What The New York Times Didn’t Say About Crypto Firm Kraken’s Culture War
The New York Times published a 1,700-word article Wednesday alleging that the cryptocurrency exchange Kraken had been roiled by an internal culture war, whipped up by CEO Jesse Powell and his penchant for inflammatory speech.
Via Slack, the article said, Powell “challenged the use of preferred pronouns, debated who can use racial slurs and called American women ‘brainwashed.'”
“He also questioned [employees’] use of preferred pronouns and led a discussion about ‘who can refer to another person as the N word,'” wrote reporters Ryan Mac and David Yaffe-Bellany. They alleged that Powell “told workers that questions about women’s intelligence and risk appetite compared with men’s were ‘not as settled as one might have initially thought'” and that such comments led employees to accuse Powell of cultivating a “hateful workplace.”
A workplace so hateful, in fact, that “dozens are considering quitting, said the employees, who did not want to speak publicly for fear of retaliation.”
Powell had tweeted a different account of the turmoil at his company (briefly noted 14 paragraphs down in the Times piece):
1/ We recently attempted to summarize what the @krakenfx culture has been over the past 11 years, and what we hope it continues to be.
We had a few heated debates and it turns out we have about 20 people out of 3200 who are totally not on board. ????????https://t.co/Ht6bagQ6T1
— Jesse Powell (@jespow) June 15, 2022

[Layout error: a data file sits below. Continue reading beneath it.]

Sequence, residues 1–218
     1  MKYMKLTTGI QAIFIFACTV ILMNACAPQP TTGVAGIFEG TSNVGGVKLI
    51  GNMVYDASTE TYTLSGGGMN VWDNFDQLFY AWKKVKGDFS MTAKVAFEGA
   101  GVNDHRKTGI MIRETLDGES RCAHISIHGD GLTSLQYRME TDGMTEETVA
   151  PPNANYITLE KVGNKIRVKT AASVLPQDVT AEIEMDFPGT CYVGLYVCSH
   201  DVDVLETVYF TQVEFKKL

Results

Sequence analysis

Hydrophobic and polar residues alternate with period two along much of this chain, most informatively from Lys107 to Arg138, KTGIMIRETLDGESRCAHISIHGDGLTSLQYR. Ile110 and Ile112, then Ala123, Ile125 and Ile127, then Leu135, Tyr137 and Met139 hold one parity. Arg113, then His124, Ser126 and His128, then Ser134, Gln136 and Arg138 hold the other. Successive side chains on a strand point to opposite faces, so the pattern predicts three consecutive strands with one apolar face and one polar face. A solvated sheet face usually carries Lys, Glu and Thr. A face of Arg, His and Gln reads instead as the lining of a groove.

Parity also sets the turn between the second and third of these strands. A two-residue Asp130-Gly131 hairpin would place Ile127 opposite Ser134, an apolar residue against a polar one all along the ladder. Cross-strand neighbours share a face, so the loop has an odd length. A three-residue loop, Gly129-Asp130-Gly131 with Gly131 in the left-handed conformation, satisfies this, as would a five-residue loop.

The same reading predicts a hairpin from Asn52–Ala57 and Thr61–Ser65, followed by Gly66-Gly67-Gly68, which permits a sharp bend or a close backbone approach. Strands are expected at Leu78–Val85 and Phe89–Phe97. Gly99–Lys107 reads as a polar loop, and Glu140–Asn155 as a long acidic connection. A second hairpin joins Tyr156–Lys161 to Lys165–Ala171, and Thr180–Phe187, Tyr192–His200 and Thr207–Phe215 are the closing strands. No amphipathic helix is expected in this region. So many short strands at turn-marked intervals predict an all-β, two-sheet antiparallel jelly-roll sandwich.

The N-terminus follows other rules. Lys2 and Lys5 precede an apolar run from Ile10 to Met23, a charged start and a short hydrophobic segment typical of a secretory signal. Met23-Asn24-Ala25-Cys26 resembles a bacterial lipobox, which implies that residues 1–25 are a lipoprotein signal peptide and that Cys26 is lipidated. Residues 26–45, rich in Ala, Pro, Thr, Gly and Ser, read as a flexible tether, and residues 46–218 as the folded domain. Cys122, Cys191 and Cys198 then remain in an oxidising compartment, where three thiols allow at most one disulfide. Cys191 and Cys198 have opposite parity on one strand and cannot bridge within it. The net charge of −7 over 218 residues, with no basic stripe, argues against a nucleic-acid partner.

“As of the time that I made my tweet, it was literally 20 people” who had resigned, stating disagreement with culture or mission or culture document, Powell tells Reason. “That number is now 31,” he says, out of a 3,000-person company. He adds that 21 of those people have been at Kraken for six months or less. Most people stick around for years, he adds, but there’s also some natural employee churn each month.
Part of the reason for the exodus—if you want to call it that—may be that Powell is offering employees buyouts of four months’ severance; for the 21 employees who’ve been working at the company for less than six months, an extra four months of guaranteed pay to leave may in fact be an attractive deal.
For The New York Times, this small group at Kraken is symptomatic of a larger problem in the crypto space. “Rarely has such angst been actively stoked by the top boss,” write Mac and Yaffe-Bellany. “And even in the male-dominated cryptocurrency industry, which is known for a libertarian philosophy that promotes freewheeling speech, Mr. Powell has taken that ethos to an extreme.”
The conflict at Kraken shows the difficulty of translating crypto’s political ideologies to a modern workplace, said Finn Brunton, a technology studies professor at the University of California, Davis, who wrote a book in 2019 about the history of digital currencies. Many early Bitcoin proponents championed freedom of ideas and disdained government intrusion; more recently, some have rejected identity politics and calls for
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